Brand loyalty is taking strain as stressed consumers change stores, brands and the way they shop.

These factors imply that consumer retention should be a primary concern. While some brands may want to reduce their advertising spend, cutting ad spend now will result in major consequences, such as revenue, declining down the road.

Experience shows that it takes years of brand building to recover from periods of self-imposed advertising breaks. Marketers who have done the hard yards to build their brand, risk throwing it all away instead of capitalising on the reduced competition in the market.

Worse still, they run the risk of competitors taking advantage of their absence to position themselves and win market share.

We've all heard the facts and figures and can recognise examples of this already happening. Instead, let's focus on what brands can do to help safeguard themselves in an uncertain market. The winning approach may seem counterintuitive, but the main focus should be on maintaining or increasing your advertising budget.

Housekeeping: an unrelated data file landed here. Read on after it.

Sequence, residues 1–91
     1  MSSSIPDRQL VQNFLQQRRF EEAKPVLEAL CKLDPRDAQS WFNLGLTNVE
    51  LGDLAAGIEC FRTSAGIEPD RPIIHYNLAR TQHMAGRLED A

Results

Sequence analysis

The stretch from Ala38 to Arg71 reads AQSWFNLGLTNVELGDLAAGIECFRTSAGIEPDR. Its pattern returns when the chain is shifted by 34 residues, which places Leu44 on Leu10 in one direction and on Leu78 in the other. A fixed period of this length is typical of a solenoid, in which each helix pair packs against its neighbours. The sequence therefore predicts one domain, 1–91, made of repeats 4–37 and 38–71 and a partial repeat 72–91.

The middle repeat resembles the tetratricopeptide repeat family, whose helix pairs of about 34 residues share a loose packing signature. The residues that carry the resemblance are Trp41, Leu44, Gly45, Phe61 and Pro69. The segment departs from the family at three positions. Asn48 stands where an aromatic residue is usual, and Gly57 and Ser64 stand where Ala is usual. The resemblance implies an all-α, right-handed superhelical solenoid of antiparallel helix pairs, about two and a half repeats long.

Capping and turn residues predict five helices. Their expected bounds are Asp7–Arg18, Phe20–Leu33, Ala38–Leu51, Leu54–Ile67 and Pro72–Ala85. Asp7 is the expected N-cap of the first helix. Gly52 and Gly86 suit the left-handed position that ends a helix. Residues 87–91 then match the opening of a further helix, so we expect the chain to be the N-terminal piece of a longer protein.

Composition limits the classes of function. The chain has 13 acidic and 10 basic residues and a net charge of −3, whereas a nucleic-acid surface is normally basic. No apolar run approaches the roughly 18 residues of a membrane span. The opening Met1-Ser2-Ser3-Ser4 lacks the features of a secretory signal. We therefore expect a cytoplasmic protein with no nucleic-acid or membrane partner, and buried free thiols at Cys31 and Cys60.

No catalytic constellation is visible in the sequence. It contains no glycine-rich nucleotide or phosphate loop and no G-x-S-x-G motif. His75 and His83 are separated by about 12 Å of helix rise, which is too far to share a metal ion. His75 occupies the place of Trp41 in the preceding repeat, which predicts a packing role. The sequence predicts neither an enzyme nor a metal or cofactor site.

Getting back to the basics may be equally important for brands. Regaining or maintaining customer trust is important when times are tough. Now may be the time to look inward and stick to your roots. Reintroduce your core purpose and values. Focus on your customers and continue to cater to their needs.

Ultimately, advertising during tough economic times helps project an aura of stability. Advertising is both a short and long-term play. Consumers want to know your response to a changing world.

Maintaining ad budgets at current levels is a short-term play that positions your brand as a resilient industry leader and helps reach your customers when they most need you. It's your opportunity to saturate the market with your message.

Long term, this is about keeping your brand front of mind among consumers. McGraw-Hill studied 600 companies operating during historic recessions and times of crisis. They found that those businesses that maintained or increased their ad spending over these times came out on top, not only with higher sales during the tough times but for years following as well. In fact, they found sales of aggressive advertisers increased 256% over those that didn't advertise.

The Harvard Business Review found that when times are good, consumers are likely to be loyal to a specific industry brand. But during times of uncertainty, people are looking for a good deal and are more likely to try new things. This is an opportune moment to reach those new markets you’ve been finding it hard to infiltrate in the past.

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